No. 15 Utah exploits ASU football’s diminished offensive line in Senior Night loss

The Sun Devils struggled to contain Hunter Dimick and the Utes' front seven

The word "decimate" has its roots in the Latin decimare, which means to “take or offer a tenth part.”

ASU football had 10 injured starters who were either ruled out or questionable for Thursday night’s game against No. 15 Utah – and three of them were on the offensive line.

The Sun Devils (5-5, 2-5 Pac-12) dropped their fourth straight game of the season, 49-26 to the Utes (8-2, 5-2 Pac-12) in what was largely due to the injuries suffered by key players up front. While junior center AJ McCollum did play, redshirt sophomore left guard Sam Jones and redshirt senior right guard Stephon McCray did not, due to a foot injury and an ailment that was undisclosed, respectively.

Late in the fourth quarter, redshirt junior center Tyler McClure left the field and returned to the locker room, before returning once more to the field. His status is unknown.


This instability has wreaked havoc on the unit, which has also cycled through quarterbacks – redshirt sophomore Manny Wilkins started and finished his first full game (except for ASU’s final possession when freshman Dillon Sterling-Cole was called upon for mop-up duty) since the Sun Devils beat Cal 51-41 on Sept. 24.

The gaps in the offensive line were on full display Thursday night, as they were in a 54-35 loss at Oregon – Wilkins was sacked nine times and Sterling-Cole was sacked twice, as the Utes set a school record with 22 tackles for loss.

Leading the charge for Utah was senior defensive end Hunter Dimick, who recorded nine tackles – five of which were sacks.

“We got sacked 11 times, which is ridiculous,” head coach Todd Graham said. “Our whole deal was to have no negatives and to take care of the football but we ended up with 11 sacks and 22 TFLs. It is hard to be successful when you’re doing that.”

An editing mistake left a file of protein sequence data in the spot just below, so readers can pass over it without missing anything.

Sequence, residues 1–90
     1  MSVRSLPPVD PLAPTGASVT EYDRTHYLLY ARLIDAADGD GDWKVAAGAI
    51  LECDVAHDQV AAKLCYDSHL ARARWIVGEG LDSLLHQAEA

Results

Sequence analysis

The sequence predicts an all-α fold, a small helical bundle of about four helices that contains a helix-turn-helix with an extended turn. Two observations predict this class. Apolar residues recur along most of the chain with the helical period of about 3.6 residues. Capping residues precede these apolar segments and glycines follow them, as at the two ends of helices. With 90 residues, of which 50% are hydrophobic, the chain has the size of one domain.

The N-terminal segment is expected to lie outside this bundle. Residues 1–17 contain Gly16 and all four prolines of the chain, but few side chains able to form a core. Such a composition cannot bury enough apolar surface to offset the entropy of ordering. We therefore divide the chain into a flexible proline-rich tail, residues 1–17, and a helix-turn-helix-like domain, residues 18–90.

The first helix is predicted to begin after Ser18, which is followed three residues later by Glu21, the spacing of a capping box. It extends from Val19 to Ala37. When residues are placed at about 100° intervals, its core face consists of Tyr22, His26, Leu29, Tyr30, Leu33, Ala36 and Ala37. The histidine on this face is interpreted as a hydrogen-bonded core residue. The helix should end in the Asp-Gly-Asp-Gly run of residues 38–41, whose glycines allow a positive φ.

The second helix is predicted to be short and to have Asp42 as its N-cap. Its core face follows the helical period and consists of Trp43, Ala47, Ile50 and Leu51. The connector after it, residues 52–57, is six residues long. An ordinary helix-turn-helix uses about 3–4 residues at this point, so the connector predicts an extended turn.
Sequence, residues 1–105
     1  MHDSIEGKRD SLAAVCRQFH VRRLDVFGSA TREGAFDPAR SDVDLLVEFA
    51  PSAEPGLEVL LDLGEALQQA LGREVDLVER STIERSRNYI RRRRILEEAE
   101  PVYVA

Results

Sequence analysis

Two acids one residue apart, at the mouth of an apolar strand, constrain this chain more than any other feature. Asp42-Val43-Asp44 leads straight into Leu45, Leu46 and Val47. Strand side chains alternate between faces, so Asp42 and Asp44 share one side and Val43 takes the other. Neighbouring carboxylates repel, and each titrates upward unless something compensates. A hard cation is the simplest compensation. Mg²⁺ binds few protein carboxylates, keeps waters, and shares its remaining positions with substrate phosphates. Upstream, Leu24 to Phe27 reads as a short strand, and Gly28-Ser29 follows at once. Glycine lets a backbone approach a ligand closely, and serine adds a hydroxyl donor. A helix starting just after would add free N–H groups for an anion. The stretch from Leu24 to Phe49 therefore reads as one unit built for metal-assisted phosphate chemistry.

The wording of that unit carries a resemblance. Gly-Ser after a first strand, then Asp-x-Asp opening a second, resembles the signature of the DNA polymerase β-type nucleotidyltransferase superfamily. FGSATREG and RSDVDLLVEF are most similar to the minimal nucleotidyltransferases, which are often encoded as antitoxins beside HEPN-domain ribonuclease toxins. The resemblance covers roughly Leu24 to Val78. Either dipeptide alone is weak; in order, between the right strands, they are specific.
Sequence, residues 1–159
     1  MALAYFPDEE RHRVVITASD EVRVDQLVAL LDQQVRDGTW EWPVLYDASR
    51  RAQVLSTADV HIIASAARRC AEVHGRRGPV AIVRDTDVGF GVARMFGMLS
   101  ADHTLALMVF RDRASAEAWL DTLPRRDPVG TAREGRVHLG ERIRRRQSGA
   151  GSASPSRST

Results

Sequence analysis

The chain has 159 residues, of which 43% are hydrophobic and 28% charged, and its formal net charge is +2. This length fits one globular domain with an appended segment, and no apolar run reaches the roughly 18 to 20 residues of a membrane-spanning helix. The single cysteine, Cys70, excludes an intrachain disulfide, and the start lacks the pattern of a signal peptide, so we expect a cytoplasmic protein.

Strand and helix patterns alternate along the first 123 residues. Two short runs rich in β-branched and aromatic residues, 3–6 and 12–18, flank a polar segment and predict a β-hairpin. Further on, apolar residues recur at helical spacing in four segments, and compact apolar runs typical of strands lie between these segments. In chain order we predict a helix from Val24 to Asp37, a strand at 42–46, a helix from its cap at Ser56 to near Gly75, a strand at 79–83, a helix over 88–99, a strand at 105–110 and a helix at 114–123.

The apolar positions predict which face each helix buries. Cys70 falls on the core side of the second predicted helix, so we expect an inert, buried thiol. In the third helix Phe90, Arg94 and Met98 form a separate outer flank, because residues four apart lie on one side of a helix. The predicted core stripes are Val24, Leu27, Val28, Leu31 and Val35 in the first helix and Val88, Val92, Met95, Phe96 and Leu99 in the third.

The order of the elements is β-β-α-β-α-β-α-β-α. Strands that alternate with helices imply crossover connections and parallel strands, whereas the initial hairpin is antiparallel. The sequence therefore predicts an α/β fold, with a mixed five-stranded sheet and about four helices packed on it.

Wilkins expressed frustration and disappointment in himself for taking big hits – though his mobility and knack for avoiding imminent danger on several occasions was a key reason why the Utah defense didn’t rack up even more impressive numbers.

Perhaps it was because he hadn’t established a rhythm, or perhaps it was that he was, like some critics said, taking too long to get the ball out.

“I’m not trying to take away from Utah,” Wilkins said. “Like I said before, they did a great job game planning for us. But those are just mental errors on my part. (The interceptions) are two errors I can’t do. Obviously there was a climb route down there in the end zone, and I just didn’t see a guy coming back across.

“Just have to know that we have points there regardless, we have the best field goal kicker in the nation. I just have to throw that away or get what I can get and get down. At the end of the game, just a simple concept. He made a good play, but I shouldn’t have thrown that ball.”

The lack of protection in the absence of Jones and McCray left Wilkins vulnerable from both sides – Dimick, who set a single-game school record, and senior defensive end Pita Taumoepenu, who recorded three sacks of his own, were relentless in their pass rush.

“I just need to get the ball out of my hands,” Wilkins said. “Obviously not take some of those hits. Just going through my reads and hitting the back when things aren’t there. I take full accountability for that, just have to make sure I get better and not make those same mistakes next week.”

It is difficult to overstate how fundamentally important an offensive line is to a team’s success. When junior running back Kalen Ballage set an FBS-single game record with eight rushing touchdowns against Texas Tech on Sept. 10, he brought the entire line with him to his postgame press conference to acknowledge their efforts.

No such luck tonight.

While Graham said ASU’s decision to decrease pressure with his defense had resulted in a decline in production, the opposite was true for Utah. The Utes’ risk-taking paid off by forcing Wilkins to make tough decisions in very finite windows of time and space.

“A lot of coverage sacks, quarterback dropbacks and having to double clutch and pull the ball down because there’s nowhere to go with it,” said Utah head coach Kyle Whittingham. “The pass rush did a nice job showing up.”

The similarities between the rhetoric Dimick used and how Graham and his players have approached their “attacking-style defense” were eerie.

“There was nothing we went after or noticed in particular,” Dimick said of ASU’s offensive protection scheme. “We take a lot of pride in pressuring the quarterback and that is the game plan.”

Even with Wilkins presumably as close to full-strength as he had been since his injury at USC, the Sun Devils were unable to stave off the Utes in the trenches or overcome Utah’s top-flight pass defense, and were ultimately beaten at their own game.


Reach the reporter at smodrich@asu.edu or follow @StefanJModrich on Twitter.

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